Saturday, 15 May 2010

From Hero to Zero

0.3 of a second. That's how long it takes to go from hero to zero. Last night was the fourth and last chance we were going to give ourselves to get the adult foxes for this den. It's a hell of a place- a vast area of peat hags and runners, over 3 miles from the nearest landrover track.
In the good ol' days we would walk out, carrying rifles, spotlights, batteries, waterproofs, sleeping bags,etc etc. Nowadays we have an argocat. It's still an hour and 20 minutes of noise, bumping and jolting but it's pure luxury in my book. Even so, we still have a 10 minute yomp with all the gear to get right to the place after that. Ah, the memories.....
So we get out there and it's a beautiful night. There's a slight breeze and hardly a cloud in the sky. Once there, the 3 of us spread out over an area of a mile or so and spend the 2 hours before dark silently lying in wait in the hope we'll intercept the vixen on her way into the area. Fat chance!
After that it's back to the den site and cover the approaches with a shine of the spotlight at 15 minute intervals.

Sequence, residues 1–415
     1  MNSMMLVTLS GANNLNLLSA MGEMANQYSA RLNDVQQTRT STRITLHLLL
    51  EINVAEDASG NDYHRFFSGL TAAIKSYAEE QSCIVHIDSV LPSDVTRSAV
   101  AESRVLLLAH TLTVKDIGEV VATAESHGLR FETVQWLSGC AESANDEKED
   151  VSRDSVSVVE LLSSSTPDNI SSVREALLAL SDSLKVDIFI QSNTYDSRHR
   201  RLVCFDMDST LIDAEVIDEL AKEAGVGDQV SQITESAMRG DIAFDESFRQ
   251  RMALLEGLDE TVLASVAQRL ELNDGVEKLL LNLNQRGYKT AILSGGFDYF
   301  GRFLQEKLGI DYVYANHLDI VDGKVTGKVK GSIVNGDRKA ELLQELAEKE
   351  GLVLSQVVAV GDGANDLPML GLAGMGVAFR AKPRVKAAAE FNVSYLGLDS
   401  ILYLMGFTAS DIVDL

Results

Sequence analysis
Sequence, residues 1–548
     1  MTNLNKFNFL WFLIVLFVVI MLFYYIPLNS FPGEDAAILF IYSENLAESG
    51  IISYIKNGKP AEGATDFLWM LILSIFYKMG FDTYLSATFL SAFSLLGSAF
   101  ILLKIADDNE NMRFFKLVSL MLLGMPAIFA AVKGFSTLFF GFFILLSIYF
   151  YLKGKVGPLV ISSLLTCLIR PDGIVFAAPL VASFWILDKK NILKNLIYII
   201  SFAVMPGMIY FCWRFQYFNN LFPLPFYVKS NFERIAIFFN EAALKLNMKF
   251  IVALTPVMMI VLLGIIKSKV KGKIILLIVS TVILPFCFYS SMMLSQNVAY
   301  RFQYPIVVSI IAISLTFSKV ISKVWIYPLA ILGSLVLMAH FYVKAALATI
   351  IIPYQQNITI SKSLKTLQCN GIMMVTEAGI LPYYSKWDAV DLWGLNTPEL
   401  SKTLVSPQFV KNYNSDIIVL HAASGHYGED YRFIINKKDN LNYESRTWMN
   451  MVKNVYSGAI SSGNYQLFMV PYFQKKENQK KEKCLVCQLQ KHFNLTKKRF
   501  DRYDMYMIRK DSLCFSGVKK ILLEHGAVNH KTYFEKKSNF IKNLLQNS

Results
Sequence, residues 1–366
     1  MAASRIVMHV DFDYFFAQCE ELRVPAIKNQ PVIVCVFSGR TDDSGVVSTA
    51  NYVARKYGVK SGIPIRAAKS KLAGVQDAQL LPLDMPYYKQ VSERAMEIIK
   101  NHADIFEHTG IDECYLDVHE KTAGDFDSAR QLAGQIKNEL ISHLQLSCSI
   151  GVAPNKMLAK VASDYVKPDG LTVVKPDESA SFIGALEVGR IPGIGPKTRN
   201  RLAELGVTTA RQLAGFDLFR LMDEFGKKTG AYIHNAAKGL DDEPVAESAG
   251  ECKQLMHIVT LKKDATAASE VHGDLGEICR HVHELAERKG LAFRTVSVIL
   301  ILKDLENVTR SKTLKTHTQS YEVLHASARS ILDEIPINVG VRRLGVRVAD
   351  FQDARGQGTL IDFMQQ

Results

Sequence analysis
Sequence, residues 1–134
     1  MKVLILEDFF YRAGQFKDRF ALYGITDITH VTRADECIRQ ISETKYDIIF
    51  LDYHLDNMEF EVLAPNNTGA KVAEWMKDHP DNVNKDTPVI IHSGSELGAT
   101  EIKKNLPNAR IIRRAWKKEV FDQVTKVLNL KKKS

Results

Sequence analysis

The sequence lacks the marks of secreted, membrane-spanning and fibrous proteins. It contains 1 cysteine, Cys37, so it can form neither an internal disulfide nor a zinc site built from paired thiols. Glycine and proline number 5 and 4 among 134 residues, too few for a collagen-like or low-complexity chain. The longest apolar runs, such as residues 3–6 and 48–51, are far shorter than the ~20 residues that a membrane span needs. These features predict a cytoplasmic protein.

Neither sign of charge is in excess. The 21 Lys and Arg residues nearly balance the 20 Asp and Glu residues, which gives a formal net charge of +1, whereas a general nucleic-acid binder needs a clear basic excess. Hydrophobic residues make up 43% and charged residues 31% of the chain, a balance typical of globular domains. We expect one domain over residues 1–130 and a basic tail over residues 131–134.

We eventually get a flash of eyes at 3am and, to cut a long story short, I am eventually left with a dilemma familiar to all 'keepers :- go for the long shot or wait. You might get a better chance. Or you might NEVER get another chance.
I weighed it all up and, knowing there was less than an hour of darkness left, went for the shot.
0.3 of a second, that's how long it took for the bullet to get to the fox, standing with his head and chest sticking up out of a hag 220 yards distant. And harmlessly pass it by.
If you haven't been there, you'll never know how it feels but I can tell you it's a major bummer. Every hour since, I've given myself a good kick in the arse! I try to console myself that this area gets a lot of attention when we do early morning spying and there's a good chance we'll get one or both of them before the season is out. But it's cold comfort.
And, talking of cold (but not comfort!), yes that is frost in the pictures of base camp.

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